My uncle taught me. ... Any good beginners book would be a an alternative.
    ... and the equally important part of the story is that you WANTED to learn.

  4. #24

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    David, I suspect that if the photographers in both of your stories had swapped cameras Photographer A would have always got the shot and Photographer B would not.

  5. #25
    ic-racer's Avatar
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    I'm a 'manual camera' snob but I will admit that when I go out shooting with my 7 year old, I set his Nikon N75 to "P" and autofocus and just about every negative is printable. This is a far cry from my first rolls in grade school where only a few images would be printable.

  6. #26
    Sirius Glass's Avatar
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    Starting with a manual camera is easy, even easier than falling off a motorcycle.
    Last edited by Sirius Glass; 01-25-2014 at 10:29 AM. Click to view previous post history.
    Warning!! Handling a Hasselblad can be harmful to your financial well being!

    Nothing beats a great piece of glass!

    I leave the digital work for the urologists and proctologists.

  7. #27
    Alan Klein's Avatar
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    You learn exposure as you go along. Content is the hard stuff.

  8. #28
    blansky's Avatar
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    Bottom line is: if you don't understand and can't use manual easily, you don't understand photography.
    Last edited by blansky; 01-25-2014 at 11:47 AM. Click to view previous post history.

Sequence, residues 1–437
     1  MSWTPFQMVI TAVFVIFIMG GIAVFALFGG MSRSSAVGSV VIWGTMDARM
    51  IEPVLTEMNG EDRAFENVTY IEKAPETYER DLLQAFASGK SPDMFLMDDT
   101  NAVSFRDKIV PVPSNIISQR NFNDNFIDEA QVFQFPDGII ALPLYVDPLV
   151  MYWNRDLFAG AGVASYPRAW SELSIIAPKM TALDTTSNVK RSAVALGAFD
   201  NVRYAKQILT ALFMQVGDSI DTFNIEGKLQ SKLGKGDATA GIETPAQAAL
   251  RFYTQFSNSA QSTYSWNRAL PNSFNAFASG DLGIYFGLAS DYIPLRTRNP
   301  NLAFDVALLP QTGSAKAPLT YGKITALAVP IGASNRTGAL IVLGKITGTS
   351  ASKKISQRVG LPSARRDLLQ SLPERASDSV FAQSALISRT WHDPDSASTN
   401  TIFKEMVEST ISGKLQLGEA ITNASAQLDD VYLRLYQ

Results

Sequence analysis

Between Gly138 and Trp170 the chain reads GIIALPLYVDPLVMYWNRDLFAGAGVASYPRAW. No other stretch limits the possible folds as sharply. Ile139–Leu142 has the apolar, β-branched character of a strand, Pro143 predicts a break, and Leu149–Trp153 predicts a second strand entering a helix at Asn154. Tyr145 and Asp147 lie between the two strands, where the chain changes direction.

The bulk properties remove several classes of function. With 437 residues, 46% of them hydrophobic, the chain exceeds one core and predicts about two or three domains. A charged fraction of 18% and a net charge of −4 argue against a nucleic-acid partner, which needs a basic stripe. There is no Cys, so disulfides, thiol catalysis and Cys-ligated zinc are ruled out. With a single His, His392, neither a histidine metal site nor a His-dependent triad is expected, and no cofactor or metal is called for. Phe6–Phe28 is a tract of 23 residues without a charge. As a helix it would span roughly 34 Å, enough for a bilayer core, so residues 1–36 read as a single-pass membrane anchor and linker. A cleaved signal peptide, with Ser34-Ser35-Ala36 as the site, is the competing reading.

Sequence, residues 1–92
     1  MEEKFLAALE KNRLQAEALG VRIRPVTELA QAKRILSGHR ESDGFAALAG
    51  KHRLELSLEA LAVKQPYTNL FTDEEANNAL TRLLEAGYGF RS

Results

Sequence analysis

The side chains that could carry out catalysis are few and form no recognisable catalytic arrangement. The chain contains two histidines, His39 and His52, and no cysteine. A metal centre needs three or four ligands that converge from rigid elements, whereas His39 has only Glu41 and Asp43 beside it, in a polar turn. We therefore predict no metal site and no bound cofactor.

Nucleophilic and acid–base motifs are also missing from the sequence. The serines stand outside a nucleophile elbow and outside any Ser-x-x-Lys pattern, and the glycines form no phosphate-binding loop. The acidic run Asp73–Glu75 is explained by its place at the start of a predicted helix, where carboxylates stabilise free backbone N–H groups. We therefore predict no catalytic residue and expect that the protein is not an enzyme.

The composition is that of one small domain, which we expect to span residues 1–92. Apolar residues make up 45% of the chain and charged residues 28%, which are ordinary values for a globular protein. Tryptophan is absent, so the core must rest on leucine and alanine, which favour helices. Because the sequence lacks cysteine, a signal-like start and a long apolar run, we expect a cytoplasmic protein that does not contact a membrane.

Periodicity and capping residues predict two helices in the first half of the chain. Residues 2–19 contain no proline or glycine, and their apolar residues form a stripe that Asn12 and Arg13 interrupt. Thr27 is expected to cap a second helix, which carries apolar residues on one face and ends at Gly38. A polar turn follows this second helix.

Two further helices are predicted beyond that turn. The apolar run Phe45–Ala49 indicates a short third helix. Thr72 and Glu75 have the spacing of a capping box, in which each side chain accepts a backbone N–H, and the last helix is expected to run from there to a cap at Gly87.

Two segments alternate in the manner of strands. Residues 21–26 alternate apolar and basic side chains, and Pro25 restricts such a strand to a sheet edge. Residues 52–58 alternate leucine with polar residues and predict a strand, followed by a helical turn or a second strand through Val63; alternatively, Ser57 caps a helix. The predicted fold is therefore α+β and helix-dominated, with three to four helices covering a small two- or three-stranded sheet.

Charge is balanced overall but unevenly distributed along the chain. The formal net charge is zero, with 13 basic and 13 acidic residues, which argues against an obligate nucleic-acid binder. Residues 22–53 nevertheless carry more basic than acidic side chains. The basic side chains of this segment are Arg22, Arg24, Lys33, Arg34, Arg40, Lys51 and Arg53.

I couldn't think of anything witty to say so I left this blank.

  9. #29
    David Allen's Avatar
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    Quote Originally Posted by BrianShaw View Post
    David, I suspect that if the photographers in both of your stories had swapped cameras Photographer A would have always got the shot and Photographer B would not.
    Quite possibly!

    Actually, in the first story Photographer B was a very competent amateur photographer and one of the leading lights of the camera club (there is a bit of a clue in this, as in many other photographic societies', name). His problem was that he knew enough to tell himself he needed to compensate for so many highlights in the scene but, at the same time, was in awe of his new acquisition.

    To be fair, this was most probably brought on by the massive publicity campaign launched by Canon in the photographic press during 1978 whereby they pounded out facts such as "electronically controlled programmed autoexposure mode with exposure compensation" and "the A-1 is the first ever camera with a micro-processor (in 1978 the word 'micro-processor' meant something like space technology and was, after all, some 11 years before the Mac IIcx revolutionised desktop publishing) programmed to automatically select exposure based on light meter input".

    However, the point remains that, if you know what you are doing, automation is not needed and can be a hindrance.

    Bests,

    David
    www.dsallen.de

  10. #30

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    The photographer should be automatic, not the camera.